Two provinces and two cities in China have included underwater data centers in their five-year plans, as a means to reduce emissions.
This marks a boost for the technology, which has been demonstrated by Highlander, and which is being developed commercially in Hainan Port. The coastal authorities backing underwater data centers, which can operate more efficiently, using seawater for cooling, and potentially powered by local renewable energy.
Everyone looks to Hainan
The underwater data center concept was pioneered by Microsoft with its Project Natick which operated a 12-rack data center in a pressure vessel on the seabed off the coast of Scotland for two years until 2020.
China's Highlander launched a similar test project earlier this year holding four racks, and has since moved onto a commercial-scale project which will extend to a plan for a data center consisting of 100 such pressure vessels off the coast of Hainan Free Port, and powered with low-carbon energy from a local nuclear power station.
In May, the city of Hainan announced that this 100-module data center was included in its five year plan - the instrument by which every part of the Chinese state is organized.
In 2021, China has published the fifteenth national Five Year Plan since the People's Republic was founded in 1949. Every city and province has to produce its own five year plan, to cover the years 2021 to 2025, before the end of 2021.
Since the announcement of the Hainan project, the province of Hainan has included the project in its five-year plan, alongside plans for special corridors to allow submarine cables such as the Hainan-Hong Kong International Submarine Cable Project. Hainan is also proposing to provide 4G and 5G coverage in the South China Sea, using shore-based, island-reef, and ship-borne communications towers. Alongside this, it wants to improve satellite broadband service.
To build the submarine data center, Hainan will build shore stations, subsea high-voltage composite cables, subsea sub-power stations and subsea data cabins. The 100 data "cabins" described by the Port's plan are just the "first phase" and Hainan says it will gradually build "a comprehensive marine new technology industrial park with a submarine data center as the core."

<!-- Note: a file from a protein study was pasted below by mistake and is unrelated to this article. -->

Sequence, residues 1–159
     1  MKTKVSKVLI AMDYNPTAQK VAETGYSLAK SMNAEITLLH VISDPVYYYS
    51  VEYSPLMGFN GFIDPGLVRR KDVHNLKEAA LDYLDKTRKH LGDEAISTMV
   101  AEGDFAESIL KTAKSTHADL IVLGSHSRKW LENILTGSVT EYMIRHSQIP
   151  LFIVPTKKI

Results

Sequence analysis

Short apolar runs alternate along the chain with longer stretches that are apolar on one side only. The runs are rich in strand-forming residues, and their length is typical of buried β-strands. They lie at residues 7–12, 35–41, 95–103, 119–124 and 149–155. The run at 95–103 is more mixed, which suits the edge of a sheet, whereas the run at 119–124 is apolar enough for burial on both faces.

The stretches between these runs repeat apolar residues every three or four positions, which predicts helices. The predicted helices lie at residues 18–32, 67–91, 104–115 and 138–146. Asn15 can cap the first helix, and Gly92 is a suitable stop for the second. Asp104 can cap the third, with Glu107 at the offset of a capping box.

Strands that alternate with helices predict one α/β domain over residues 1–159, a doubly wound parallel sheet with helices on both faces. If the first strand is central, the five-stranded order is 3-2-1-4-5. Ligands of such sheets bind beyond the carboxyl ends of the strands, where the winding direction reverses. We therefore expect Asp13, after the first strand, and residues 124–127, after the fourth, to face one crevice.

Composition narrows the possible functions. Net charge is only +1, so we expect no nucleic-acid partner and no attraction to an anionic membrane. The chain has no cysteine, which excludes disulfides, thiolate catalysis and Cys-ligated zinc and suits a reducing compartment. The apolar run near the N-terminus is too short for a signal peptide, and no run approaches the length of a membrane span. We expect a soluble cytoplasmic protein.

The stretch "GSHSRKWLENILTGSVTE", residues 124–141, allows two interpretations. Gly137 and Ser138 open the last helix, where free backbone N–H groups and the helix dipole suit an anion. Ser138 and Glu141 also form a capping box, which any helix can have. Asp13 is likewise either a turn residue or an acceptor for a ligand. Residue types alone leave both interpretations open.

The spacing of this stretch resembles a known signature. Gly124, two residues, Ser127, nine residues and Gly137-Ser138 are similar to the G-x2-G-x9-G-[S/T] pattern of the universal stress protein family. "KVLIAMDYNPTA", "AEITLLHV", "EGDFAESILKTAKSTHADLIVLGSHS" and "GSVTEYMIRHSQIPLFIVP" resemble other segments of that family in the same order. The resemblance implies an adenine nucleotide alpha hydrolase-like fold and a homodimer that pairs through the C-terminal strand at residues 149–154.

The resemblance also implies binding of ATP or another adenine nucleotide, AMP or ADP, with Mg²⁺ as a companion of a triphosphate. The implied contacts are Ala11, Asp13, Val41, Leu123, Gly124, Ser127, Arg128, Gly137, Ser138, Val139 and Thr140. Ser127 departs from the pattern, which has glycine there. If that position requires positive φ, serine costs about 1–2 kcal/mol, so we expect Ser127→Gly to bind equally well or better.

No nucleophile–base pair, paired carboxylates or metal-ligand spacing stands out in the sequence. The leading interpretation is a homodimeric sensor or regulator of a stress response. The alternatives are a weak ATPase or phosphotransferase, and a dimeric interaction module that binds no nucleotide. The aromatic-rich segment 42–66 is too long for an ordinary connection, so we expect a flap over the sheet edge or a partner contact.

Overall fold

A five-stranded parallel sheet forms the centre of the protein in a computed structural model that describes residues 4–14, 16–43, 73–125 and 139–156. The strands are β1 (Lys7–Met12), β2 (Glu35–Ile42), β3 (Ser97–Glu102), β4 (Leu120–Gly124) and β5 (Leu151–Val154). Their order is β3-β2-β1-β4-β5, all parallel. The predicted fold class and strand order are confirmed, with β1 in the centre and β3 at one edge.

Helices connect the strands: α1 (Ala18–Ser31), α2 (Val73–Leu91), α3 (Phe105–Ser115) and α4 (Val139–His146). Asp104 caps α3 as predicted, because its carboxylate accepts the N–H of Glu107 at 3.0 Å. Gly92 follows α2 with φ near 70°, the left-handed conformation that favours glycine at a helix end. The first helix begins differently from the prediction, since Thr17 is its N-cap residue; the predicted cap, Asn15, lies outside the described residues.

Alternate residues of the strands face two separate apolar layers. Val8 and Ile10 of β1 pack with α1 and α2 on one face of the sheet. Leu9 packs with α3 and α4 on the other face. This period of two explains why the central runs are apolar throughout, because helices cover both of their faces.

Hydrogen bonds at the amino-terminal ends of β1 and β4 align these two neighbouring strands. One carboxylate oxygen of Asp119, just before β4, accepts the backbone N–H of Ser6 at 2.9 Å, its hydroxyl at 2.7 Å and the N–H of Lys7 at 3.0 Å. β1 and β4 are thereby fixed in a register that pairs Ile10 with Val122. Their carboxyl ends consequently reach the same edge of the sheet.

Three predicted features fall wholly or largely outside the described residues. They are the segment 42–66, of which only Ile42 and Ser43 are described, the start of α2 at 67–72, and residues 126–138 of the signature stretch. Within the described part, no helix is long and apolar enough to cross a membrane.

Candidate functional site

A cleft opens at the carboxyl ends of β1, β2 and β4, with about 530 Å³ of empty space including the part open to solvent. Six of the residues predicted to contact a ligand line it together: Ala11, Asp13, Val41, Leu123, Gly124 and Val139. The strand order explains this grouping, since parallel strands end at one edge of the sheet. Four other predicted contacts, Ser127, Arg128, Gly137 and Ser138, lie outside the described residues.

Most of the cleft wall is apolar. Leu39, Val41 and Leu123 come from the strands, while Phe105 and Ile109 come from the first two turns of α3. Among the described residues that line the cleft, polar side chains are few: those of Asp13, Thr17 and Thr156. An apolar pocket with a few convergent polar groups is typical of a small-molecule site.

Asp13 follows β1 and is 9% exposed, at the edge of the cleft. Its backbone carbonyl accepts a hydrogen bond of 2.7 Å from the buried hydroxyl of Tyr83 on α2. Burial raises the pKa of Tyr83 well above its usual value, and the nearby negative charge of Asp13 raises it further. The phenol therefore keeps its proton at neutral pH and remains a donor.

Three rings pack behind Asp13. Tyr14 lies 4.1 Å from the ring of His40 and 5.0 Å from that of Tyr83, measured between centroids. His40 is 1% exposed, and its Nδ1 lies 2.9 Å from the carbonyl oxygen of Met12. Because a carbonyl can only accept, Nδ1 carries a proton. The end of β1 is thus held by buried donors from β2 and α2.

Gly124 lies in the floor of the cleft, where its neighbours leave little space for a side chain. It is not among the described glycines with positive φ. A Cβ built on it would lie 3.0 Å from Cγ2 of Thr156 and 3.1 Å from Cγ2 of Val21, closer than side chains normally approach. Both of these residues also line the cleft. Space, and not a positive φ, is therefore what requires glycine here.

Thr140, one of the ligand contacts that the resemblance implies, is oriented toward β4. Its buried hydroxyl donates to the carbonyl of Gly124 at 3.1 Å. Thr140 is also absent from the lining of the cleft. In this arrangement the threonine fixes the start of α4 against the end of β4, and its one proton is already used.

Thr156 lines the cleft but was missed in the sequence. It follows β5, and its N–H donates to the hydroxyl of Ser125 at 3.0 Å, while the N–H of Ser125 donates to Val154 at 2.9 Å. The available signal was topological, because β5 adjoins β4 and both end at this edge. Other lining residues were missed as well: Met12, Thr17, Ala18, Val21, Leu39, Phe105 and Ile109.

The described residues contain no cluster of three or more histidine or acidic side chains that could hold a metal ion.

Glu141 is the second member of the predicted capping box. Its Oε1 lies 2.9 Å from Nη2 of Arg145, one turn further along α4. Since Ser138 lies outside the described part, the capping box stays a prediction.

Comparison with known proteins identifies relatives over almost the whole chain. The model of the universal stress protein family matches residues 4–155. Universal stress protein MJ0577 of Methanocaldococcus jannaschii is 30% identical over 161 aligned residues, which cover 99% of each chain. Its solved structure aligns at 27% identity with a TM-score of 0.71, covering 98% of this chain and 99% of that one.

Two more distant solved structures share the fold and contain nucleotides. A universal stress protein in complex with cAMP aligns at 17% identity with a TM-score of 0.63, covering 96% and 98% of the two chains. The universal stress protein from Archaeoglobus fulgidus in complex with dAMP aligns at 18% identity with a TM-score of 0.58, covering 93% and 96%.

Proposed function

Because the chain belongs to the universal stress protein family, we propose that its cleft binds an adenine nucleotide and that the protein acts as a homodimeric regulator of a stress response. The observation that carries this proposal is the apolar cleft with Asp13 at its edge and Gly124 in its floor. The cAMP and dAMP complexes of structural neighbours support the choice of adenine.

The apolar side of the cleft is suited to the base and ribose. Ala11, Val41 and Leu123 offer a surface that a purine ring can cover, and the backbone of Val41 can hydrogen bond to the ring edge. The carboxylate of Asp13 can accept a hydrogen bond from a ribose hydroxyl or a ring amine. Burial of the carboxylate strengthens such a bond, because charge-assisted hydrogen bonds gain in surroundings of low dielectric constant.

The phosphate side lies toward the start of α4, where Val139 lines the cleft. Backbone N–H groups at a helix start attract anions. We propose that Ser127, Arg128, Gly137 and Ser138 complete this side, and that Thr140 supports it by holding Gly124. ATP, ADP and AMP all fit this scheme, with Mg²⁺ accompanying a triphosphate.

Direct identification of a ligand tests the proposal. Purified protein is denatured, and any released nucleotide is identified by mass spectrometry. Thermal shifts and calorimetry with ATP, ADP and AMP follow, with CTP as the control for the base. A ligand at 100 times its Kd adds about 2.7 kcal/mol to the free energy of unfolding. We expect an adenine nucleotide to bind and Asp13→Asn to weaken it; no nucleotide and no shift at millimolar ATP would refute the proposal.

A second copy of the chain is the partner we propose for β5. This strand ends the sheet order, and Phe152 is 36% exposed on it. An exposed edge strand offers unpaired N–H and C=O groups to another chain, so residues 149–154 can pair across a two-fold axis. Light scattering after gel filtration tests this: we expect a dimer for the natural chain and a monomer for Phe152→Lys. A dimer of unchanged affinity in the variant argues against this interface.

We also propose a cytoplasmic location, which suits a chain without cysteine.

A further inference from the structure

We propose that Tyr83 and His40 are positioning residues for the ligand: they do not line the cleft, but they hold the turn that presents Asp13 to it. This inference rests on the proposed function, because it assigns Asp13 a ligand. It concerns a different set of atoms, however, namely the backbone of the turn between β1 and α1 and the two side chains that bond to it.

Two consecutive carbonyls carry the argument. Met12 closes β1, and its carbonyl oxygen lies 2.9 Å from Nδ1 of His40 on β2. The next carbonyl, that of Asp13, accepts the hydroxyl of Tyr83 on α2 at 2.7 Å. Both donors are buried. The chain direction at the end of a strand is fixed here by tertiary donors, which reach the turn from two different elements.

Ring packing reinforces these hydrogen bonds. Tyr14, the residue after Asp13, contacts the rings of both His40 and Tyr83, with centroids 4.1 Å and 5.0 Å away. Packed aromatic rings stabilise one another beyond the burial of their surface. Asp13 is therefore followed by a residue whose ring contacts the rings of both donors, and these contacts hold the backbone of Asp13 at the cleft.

To back work in the South China Sea, Hainan will also build a real-time 3D database and a data center to handle the background data of the South China Sea and support deep sea development and "South China Sea rights maintenance" (China's claim to the South China Sea is disputed).
Shandong, Xiamen, and Shenzhen follow
Shandong, a province further North is following suit with a promise to develop a "smart marine industry," with a similar 3D observation network, and much infrastructure including foreign communication networks, and optical fiber cables, as well as high-tech equipment such as "measuring robots, unmanned observation boats, manned submersibles, and deep-water gliders."
The Shandong five year plan is less specific about the size, but includes a goal to build submarine data centers.
Meanwhile, two other Chinese coastal cities, Xiamen and Shenzhen, have also included underwater data centers in their plans.
The move is likely to legitimize the idea of sea-bed water-cooled facilities, and may engender local competitors to Highlander, who may offer very similar projects, as intellectual property rights are less rigorously policed in China.
For that reason, Highlander may also be having a call from Microsoft at some point in the future. Microsoft recently included many aspects of its underwater data center project in a raft of patents that have been opened for free use, however, the Highlander prototype is very similar to the Natick design used by Microsoft
Underwater data centers may yet appear in other five year plans, as other provinces and cities are due to publish their plans. Perhaps more importantly, individual National ministries handling industry and information have also yet to publish their plans, and these could include direct guidance on data center technologies such as cooling.